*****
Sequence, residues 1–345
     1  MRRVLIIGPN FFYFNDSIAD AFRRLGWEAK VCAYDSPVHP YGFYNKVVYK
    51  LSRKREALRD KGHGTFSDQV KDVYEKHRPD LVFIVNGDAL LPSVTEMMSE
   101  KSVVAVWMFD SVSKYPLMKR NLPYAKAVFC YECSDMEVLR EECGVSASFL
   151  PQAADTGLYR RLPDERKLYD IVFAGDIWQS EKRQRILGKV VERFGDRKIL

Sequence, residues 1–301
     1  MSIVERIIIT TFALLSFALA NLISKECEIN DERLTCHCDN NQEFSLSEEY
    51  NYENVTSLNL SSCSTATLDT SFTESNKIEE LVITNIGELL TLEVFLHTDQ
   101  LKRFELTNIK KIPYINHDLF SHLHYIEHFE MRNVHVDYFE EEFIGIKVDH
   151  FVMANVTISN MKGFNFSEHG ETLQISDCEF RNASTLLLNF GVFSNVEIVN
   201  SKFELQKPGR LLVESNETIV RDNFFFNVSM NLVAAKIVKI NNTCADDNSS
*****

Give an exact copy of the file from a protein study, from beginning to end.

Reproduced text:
Sequence, residues 1–345
     1  MRRVLIIGPN FFYFNDSIAD AFRRLGWEAK VCAYDSPVHP YGFYNKVVYK
    51  LSRKREALRD KGHGTFSDQV KDVYEKHRPD LVFIVNGDAL LPSVTEMMSE
   101  KSVVAVWMFD SVSKYPLMKR NLPYAKAVFC YECSDMEVLR EECGVSASFL
   151  PQAADTGLYR RLPDERKLYD IVFAGDIWQS EKRQRILGKV VERFGDRKIL

Sequence, residues 1–301
     1  MSIVERIIIT TFALLSFALA NLISKECEIN DERLTCHCDN NQEFSLSEEY
    51  NYENVTSLNL SSCSTATLDT SFTESNKIEE LVITNIGELL TLEVFLHTDQ
   101  LKRFELTNIK KIPYINHDLF SHLHYIEHFE MRNVHVDYFE EEFIGIKVDH
   151  FVMANVTISN MKGFNFSEHG ETLQISDCEF RNASTLLLNF GVFSNVEIVN
   201  SKFELQKPGR LLVESNETIV RDNFFFNVSM NLVAAKIVKI NNTCADDNSS